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Rain-Rock Club Good For


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I have many interests, one of which is prehistoric art. Sometimes numismatics and archaeology overlap and I can enjoy both interests as is the case with this Fort Jones token:

 

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The Gottville Boulder (as it is properly known) was uncovered in 1947 by the California Department of Transportation while building a road near Fort Jones. The unusual rock was transported to Fort Jones and is still displayed outside the local museum. The following image is an early photograph of the boulder outside the museum (the large boulder with all the pits):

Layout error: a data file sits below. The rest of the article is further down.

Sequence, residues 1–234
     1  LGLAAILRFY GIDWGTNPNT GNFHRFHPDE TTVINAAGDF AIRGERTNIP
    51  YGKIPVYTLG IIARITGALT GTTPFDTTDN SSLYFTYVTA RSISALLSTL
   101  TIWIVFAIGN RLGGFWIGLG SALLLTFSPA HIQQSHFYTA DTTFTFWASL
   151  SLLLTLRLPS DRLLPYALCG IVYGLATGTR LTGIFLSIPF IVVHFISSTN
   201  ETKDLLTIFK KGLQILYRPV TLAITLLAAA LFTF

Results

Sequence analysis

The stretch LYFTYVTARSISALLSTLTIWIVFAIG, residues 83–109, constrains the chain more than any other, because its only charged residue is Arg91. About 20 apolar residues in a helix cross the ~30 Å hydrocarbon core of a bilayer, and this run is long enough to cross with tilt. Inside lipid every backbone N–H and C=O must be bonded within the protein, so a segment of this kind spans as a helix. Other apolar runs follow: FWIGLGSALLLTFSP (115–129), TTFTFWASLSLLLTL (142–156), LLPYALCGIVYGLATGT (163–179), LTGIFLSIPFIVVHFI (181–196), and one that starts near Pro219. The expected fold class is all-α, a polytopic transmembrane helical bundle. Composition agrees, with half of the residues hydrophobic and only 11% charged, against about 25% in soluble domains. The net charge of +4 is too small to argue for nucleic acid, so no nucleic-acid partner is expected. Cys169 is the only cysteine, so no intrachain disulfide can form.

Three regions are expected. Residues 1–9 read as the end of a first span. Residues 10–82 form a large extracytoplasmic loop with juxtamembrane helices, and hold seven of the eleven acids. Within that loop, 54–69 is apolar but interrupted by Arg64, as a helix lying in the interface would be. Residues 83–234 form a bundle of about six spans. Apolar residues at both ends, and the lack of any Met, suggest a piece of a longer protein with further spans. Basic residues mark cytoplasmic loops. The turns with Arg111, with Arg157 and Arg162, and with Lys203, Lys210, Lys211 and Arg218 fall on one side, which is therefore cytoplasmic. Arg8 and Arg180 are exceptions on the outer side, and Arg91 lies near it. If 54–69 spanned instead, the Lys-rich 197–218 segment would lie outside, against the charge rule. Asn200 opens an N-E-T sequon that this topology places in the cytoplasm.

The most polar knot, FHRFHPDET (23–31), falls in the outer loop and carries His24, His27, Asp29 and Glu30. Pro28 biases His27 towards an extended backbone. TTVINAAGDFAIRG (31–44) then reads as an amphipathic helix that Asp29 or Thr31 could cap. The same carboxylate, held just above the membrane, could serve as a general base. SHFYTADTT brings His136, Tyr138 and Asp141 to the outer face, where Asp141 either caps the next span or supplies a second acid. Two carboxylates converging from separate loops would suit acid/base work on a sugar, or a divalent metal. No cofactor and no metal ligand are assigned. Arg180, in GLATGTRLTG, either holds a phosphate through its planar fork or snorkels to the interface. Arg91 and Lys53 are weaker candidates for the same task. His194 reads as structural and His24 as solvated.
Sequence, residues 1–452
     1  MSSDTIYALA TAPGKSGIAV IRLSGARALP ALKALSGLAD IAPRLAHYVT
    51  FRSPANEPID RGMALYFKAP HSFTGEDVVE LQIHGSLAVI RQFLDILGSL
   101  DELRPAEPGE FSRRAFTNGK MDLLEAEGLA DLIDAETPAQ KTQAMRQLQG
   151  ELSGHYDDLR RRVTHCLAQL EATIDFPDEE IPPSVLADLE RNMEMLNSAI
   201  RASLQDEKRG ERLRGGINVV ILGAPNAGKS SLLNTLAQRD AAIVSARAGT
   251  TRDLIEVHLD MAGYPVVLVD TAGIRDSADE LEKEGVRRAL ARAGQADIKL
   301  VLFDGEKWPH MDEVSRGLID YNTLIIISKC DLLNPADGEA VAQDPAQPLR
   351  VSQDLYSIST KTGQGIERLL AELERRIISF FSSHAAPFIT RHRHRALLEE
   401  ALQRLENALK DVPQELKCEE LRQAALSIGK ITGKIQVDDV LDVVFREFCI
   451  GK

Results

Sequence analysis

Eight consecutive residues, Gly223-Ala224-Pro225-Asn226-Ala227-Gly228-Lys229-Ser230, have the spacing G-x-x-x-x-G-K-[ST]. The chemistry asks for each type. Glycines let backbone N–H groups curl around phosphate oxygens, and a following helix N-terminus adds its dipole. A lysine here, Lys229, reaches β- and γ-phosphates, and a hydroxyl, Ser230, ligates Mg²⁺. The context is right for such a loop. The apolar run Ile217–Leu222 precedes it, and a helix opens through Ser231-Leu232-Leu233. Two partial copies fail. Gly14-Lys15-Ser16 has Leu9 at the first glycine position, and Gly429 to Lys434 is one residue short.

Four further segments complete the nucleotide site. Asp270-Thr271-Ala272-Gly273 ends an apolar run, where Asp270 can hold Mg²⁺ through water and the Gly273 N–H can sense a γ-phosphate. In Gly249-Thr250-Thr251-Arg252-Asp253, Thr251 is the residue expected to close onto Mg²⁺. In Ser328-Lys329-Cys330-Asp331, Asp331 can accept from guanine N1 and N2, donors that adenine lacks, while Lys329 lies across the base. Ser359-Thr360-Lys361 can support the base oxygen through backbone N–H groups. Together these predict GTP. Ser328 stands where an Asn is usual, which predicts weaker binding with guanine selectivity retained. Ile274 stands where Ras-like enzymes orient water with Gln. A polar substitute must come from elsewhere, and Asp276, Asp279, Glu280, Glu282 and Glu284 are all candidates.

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Rocks such as this are found throughout Northern California, generally near rapids along the major salmon streams and rivers. They were used in rain making ceremonies (rain prompts the salmon to move upstream in spawning season). The Karok people who claim the boulder as their own explained that it should have been left where it was and left covered. The region did experience serious rain and flooding after the boulder was exposed and moved. The rain stopped only after the boulder was covered with a tarp. For some years, the tarp was removed and people experienced unseasonable rain and snow storms. I think things have quieted down by now and the rock seems to have lost its power after having been removed from its sacred location, but its fame gave rise to at least one drinking establishment, perhaps an attempt to quench one's personal drought?

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